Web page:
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China, Japan and India: PMI manufactures compared. Who grows the most?

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Today the manufacturing PMI forecast indicators for three industrial giants-India, China and Japan-were released. As much as these are just forecast indices to be taken with a grain of salt, especially the Chinese ones, they do tell us something about what is going on in the world.

Let’s start with the big cheese, China: China’s Caixin general manufacturing PMI rose to 50.7 in November 2023 from 49.5 in October, beating market forecasts of 49.8 and indicating the highest reading since August. Both production and purchasing levels returned to growth despite Beijing’s recent efforts to revive a stagnant economy. In addition, new orders increased the most in four months, while the rate of job losses declined. Meanwhile, supply chain performance improved slightly for the second consecutive month.

Price data indicated that cost pressure remained subdued, with a modest increase in production costs, slower than in October. At the same time, efforts to attract and secure sales reduced pricing power, and selling costs remained essentially unchanged. Finally, sentiment improved to a 4-month high. Here is the related graph:

So China succeeds in seizing a moment of macroeconomic change and its manufacturing returns to expansion, unexpectedly, if only slightly. The domestic market is evidently pulling again, although the data should be taken with caution.

Let’s turn to Japan: Japan’s Jibun Bank manufacturing PMI index was revised upward to 48.3 in November 2023 from 48.1 in preliminary estimates and after 48.7 in the previous month, indicating the sixth consecutive month of contraction in industrial activity. However, the latest reading recorded the sharpest contraction in manufacturing since February, as output and new orders declined faster, with new export orders falling at the fastest rate since June. L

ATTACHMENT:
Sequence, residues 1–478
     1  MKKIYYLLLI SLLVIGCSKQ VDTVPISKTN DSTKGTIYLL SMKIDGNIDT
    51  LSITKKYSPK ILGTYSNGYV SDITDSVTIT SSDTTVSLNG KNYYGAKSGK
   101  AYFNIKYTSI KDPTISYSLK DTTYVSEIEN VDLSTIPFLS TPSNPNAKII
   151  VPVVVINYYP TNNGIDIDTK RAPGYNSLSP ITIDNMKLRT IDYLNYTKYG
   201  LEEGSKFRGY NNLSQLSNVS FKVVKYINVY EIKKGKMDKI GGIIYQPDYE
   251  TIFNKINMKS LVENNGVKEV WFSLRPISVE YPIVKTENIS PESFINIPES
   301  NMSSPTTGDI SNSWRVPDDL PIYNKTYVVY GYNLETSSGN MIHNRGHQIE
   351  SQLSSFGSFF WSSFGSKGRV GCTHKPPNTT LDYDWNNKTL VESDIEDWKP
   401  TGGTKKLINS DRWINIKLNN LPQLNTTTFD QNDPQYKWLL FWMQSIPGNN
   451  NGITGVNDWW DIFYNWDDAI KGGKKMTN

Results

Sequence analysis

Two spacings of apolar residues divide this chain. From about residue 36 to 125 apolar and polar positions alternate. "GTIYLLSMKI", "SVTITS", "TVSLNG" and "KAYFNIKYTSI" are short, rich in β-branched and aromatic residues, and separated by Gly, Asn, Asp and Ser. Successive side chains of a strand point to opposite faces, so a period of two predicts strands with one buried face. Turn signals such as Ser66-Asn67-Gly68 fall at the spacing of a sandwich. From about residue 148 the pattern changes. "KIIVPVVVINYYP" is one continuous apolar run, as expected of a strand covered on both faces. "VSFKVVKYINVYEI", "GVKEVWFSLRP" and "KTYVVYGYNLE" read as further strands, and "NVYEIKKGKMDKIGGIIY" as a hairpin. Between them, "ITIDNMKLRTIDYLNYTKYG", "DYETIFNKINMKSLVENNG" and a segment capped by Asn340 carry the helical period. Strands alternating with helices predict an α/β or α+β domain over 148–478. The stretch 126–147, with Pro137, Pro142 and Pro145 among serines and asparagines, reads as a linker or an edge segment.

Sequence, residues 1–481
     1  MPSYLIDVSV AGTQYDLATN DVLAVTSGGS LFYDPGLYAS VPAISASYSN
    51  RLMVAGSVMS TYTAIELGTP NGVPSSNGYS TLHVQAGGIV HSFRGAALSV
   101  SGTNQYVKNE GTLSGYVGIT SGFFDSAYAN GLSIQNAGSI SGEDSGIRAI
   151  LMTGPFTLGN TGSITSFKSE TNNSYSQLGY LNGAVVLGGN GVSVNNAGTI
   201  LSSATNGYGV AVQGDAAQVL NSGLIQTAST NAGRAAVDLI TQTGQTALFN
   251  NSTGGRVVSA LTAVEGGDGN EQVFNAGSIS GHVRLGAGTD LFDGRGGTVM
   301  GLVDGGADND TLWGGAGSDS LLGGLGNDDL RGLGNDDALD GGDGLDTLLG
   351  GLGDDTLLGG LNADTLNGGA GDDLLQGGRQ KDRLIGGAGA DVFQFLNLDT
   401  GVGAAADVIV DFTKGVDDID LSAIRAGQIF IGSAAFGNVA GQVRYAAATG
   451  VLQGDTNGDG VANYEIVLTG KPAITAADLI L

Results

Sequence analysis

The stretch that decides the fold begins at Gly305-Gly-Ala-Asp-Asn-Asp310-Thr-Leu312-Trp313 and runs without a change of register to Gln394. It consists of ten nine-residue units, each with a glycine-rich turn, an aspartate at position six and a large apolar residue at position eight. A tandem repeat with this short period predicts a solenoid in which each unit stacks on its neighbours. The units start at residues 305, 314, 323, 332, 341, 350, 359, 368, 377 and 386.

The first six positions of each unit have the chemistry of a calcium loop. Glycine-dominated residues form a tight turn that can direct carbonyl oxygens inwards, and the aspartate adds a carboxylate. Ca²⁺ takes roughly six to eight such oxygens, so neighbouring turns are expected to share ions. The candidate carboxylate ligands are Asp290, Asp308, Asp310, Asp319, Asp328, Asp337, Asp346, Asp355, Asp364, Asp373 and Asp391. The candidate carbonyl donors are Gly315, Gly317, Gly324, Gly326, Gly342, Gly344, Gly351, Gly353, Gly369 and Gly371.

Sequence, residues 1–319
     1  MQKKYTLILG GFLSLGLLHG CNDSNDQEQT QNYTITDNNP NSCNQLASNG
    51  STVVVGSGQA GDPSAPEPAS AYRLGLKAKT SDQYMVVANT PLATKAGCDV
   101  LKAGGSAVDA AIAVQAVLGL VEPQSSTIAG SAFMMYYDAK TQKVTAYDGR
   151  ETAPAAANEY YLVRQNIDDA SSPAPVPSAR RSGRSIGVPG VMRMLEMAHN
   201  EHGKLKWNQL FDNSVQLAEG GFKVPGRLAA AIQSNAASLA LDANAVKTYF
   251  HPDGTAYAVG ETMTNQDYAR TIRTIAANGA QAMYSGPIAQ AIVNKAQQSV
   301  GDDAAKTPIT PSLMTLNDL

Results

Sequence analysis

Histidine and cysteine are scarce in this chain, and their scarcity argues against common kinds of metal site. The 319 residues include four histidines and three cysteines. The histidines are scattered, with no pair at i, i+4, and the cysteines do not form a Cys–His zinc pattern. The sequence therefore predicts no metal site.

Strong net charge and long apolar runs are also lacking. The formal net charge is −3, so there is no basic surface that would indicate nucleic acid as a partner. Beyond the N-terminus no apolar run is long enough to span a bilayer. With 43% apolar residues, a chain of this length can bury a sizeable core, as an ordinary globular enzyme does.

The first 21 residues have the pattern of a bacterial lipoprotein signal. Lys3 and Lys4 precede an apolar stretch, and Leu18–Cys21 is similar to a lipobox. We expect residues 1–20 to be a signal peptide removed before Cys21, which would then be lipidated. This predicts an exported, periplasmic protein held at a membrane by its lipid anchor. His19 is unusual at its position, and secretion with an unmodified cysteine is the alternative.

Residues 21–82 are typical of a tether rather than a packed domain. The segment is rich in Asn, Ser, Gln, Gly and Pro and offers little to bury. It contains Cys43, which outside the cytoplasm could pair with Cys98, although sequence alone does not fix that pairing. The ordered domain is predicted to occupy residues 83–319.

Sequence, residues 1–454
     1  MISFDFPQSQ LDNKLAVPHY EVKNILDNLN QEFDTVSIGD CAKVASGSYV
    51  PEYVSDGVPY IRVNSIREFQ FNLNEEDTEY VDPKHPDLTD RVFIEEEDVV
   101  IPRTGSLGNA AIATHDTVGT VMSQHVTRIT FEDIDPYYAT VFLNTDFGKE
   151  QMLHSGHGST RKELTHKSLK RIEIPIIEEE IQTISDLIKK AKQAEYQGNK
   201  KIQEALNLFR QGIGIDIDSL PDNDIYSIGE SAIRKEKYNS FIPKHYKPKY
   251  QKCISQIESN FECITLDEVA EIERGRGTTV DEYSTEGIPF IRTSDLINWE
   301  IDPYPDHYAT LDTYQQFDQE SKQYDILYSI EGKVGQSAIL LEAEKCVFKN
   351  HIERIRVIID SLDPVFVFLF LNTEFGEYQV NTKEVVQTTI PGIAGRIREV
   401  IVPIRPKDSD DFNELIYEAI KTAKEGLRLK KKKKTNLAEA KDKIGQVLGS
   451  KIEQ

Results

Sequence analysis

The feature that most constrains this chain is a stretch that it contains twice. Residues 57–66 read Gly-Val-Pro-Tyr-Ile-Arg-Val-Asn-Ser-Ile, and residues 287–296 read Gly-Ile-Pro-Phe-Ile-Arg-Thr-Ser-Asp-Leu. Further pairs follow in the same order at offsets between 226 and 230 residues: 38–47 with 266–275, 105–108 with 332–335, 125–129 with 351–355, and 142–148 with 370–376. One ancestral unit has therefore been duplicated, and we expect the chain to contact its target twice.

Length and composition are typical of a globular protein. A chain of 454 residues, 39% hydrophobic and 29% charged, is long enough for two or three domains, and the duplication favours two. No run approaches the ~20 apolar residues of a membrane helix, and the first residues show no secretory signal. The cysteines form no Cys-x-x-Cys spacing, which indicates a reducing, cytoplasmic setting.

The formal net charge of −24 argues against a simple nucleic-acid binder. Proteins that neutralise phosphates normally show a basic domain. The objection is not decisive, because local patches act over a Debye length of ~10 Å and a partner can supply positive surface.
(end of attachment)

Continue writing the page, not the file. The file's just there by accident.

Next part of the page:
Unemployment declined for the second consecutive month, while the backlog declined the most in eight months, indicating that they had sufficient capacity to complete pending tasks. Purchasing activity decreased the most in nine months, while lead times lengthened. On the price side, production costs fell the least in three months, while production cost inflation slowed for the first time in three months, reaching the lowest level since July 2021. Finally, business sentiment improved on hopes of sustained improvement in demand following new product launches and a global economic recovery. Here is the related graph:

Here Japan, with one exception, has shown a contraction since late 2022. Japan is the factory mainly of Western countries, and its domestic market is smaller than China’s, making the economy more dependent on lackluster economies.

Finally, India: the S&P Global India Manufacturing PMI rose to 56.0 in November 2023 from October’s 8-month low of 55.5, in line with market consensus. This was the 29th consecutive month of increased industrial activity as production grew at an above-trend pace.

In addition, new order growth improved from the annual low in October and exceeded the series average; while foreign sales increased for the 20th month, albeit at the slowest pace since June. In addition, employment increased for the eighth month amid a slight increase in pending business.

Purchasing activity and input inventories increased, in many cases due to brisk demand conditions. The vast majority of panelists reported no change in lead times since October, reflecting a modest deterioration in supplier performance. As for prices, procurement costs have increased the least in 40 months. Here is the related graph:

Meanwhile, rates rose modestly as most companies decided to leave rates unchanged since October. Finally, confidence fell to a 7-month low due to rising inflation expectations.

India is the country with the highest expansionary expectations, but it experiences internal tensions related to very rapid growth, even too much, which, of course, comes to create problems, precisely because of this acceleration in development. The tension comes to be reflected in prices, and this creates restlessness, but it is also a sign of high-growth manufacturing. India, barring unexpected shocks, is the world’s next economic locomotive.
*** Translated with www.DeepL.com/Translator (free version) ***

 

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